Last Day in Vietnam: A Memory by Will Eisner
Writer & Artist: Will Eisner
Publisher: Dark Horse
Release Date: March 6, 2013 (Reprint); July 15, 2000 (Original publish date)
Reissued in a new, hardcover edition in honor of Will Eisner Week and what would have been the author’s 95th birthday, Dark Horse’s collection of war stories by one of the foundational heroes of the medium doesn’t quite measure up to A Contract with God, but not much can. It does, however, serve as yet another illustration of Eisner’s wide-ranging powers and creativity. In 2011, Abrams published a compilation of Eisner’s work from PS Magazine, the military’s preventive maintenance monthly, which frequently ran reminders for soldiers to clean their gear in informative panels. Although Eisner got his inspiration from the same trips for both PS and Last Day in Vietnam: A Memory, they’re very different critters.
The stuff for PS is, by necessity, more functional and rarely sustains much of a narrative. The art is a joy, as ever, but the material works better as a bit of history than a good read. Last Day in Vietnam: A Memory, on the other hand, resembles A Contract with God closely in some aspects. A series of loosely connected short stories, the book focuses on events from the mundane to the dramatic. Eisner’s gift for innovation is also on display, with the title story told entirely in first-person perspective, heightening the emotions it evokes. Ever the pioneer, Eisner pushes what comics can do into new territory. Especially war comics. Even with Harvey Kurtzman’s emphasis on accuracy in other military titles like Two-Fisted Tales and Frontline Combat and Jack Davis’ occasional contributions to those same serials, which couldn’t help but express the artist’s signature humor, the field was largely serious in its outlook, whether pro- or anti-war.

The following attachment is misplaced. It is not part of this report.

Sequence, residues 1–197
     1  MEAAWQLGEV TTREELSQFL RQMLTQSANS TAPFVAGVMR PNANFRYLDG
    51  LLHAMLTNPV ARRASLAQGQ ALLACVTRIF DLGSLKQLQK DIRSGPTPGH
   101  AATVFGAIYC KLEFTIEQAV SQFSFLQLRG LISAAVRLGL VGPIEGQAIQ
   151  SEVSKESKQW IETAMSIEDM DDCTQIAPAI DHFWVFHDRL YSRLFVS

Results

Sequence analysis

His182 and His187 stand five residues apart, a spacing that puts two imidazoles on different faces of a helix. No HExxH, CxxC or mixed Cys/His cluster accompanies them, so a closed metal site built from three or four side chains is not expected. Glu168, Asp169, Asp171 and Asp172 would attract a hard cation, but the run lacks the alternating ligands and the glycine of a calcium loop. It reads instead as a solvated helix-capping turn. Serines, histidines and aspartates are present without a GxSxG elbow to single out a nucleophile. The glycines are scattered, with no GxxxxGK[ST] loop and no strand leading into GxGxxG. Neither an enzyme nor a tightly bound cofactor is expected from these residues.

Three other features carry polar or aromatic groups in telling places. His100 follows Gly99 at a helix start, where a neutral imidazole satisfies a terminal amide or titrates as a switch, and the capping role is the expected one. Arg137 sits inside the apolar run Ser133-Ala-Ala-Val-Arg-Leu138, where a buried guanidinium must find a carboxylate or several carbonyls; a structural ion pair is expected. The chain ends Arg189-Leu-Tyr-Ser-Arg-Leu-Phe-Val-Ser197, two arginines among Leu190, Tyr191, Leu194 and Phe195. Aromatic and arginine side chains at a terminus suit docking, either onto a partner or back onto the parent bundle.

Eisner’s ability to combine the comedic with the dramatic is a particular strength, and it’s part of what makes these swift 80 pages so special. Stories turn on a dime from one to the other, and the body language of the characters conveys a certain amusement at humanity even in the midst of pathos. Eisner always dances right on the edge between the real and unreal, putting more character into his figures’ gestures than any actual person other than a drama student would convey. The results are warm, rounded, smart, and still fresh, many decades and wars later.